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How do bees make honey and why do they sting?

Even public radio hosts keep bees! We're talking about the ins and outs of beekeeping.
Jane Lindholm

Why do bees pollinate? How do they make honey? Why do bees have stingers? Why do (some) bees die when they sting you? What's the difference between a bee and a wasp? Does honey have healing properties? Farmer and beekeeper John Hayden answers all of your bee questions!

Download our learning guides: PDF | Google Slide | Transcript | Coloring Page

  • Bees collect nectar from flowers. Nectar is the sweet liquid that entices the bees to the flower. The bees climb onto or into the flower and suck up the nectar with their straw-like mouth and collect it in a little sac called a crop. They also collect pollen on their legs. As they move from flower to flower, they leave a little bit of that pollen on each new flower they visit. That's called pollination and it’s how flowers reproduce.
  • Bees take the pollen and nectar back to their hives and put it into the honeycomb (six-sided cells they have built out with wax). Pollen is like protein, one of the building blocks of animal bodies, and bees use that to feed their young mostly.
  • To turn nectar into honey, bees spit it up into other bees’ mouths and eventually they spit the liquid into the honeycomb cells. Then they fan it with their wings to evaporate some of the moisture. Once it has reached the right consistency, they seal it off with wax to store it for later. So honey is just concentrated nectar.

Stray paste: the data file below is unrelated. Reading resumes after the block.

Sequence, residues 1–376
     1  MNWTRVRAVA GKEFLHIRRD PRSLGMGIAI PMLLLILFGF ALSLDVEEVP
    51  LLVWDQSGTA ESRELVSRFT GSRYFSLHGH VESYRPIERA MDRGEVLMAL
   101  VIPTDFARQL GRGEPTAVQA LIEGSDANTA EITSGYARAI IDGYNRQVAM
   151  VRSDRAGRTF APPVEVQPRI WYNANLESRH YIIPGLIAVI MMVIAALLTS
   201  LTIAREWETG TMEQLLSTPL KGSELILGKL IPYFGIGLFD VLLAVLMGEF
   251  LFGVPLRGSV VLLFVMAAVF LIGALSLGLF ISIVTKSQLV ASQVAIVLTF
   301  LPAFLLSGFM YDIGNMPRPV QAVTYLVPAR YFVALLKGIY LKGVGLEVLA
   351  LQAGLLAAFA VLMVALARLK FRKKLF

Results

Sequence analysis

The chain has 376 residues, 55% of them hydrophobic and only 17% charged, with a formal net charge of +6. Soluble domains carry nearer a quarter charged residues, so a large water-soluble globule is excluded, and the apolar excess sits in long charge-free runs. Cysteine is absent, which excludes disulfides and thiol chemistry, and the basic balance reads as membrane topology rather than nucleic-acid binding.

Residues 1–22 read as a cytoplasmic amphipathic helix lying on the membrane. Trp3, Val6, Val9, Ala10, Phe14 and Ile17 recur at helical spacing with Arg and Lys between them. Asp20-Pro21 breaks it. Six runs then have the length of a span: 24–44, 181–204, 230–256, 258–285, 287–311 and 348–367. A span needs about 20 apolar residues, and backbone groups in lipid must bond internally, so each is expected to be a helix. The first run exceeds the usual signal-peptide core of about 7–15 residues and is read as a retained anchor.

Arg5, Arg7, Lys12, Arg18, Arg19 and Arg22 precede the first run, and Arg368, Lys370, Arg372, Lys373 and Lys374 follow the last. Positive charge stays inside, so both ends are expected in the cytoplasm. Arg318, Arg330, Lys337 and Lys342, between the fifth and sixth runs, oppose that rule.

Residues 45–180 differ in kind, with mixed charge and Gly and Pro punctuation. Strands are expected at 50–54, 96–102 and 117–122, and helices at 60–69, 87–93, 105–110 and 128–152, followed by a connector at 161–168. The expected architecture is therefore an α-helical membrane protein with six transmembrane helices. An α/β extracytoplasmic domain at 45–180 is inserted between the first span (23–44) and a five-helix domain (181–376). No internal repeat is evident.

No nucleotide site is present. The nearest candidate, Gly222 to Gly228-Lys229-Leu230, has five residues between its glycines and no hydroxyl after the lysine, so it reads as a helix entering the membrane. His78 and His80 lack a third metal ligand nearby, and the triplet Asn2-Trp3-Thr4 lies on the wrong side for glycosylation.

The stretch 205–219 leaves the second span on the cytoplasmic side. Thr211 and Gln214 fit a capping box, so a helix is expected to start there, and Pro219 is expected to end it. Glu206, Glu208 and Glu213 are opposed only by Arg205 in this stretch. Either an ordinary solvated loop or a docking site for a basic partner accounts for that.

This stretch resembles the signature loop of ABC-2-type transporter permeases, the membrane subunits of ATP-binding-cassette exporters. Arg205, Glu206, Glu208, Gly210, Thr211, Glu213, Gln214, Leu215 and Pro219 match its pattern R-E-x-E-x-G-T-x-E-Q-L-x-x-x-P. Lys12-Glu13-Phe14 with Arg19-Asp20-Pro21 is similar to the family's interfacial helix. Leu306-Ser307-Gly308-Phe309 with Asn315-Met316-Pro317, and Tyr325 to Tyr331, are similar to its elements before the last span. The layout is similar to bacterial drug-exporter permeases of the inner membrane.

• Bees keep the honey in storage for the winter months when there are no flowers. But they make more than they need, so beekeepers take the extra honey out of the hive and leave the bees enough to survive through the winter.
  • Bees sting to protect their hive and defend their honey from potential predators. But honeybees don’t sting unless they have to, because after they sting, their stinger gets pulled out of their body and they die! Honeybees die when they sting because their stinger has a barb on it, like a fish hook. The stinger gets hooked into your skin and then when the bee tries to fly away the hook stays in and pulls out the bee's abdomen as it flies away.
  • Honeybees are social insects who depend on their colony to survive. So they are willing to sacrifice themselves to make sure the whole colony can survive.
  • Honeybees are far from the only pollinator. Bees are very important to our ecosystem and there are more than 4000 species in the US alone. Butterflies, hummingbirds, and bats also play important pollinator roles.


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Jane Lindholm is the host, executive producer and creator of But Why: A Podcast For Curious Kids. In addition to her work on our international kids show, she produces special projects for Vermont Public. Until March 2021, she was host and editor of the award-winning Vermont Public program Vermont Edition.
Melody is the Contributing Editor for But Why: A Podcast For Curious Kids and the co-author of two But Why books with Jane Lindholm.

But Why is a project of Vermont Public.

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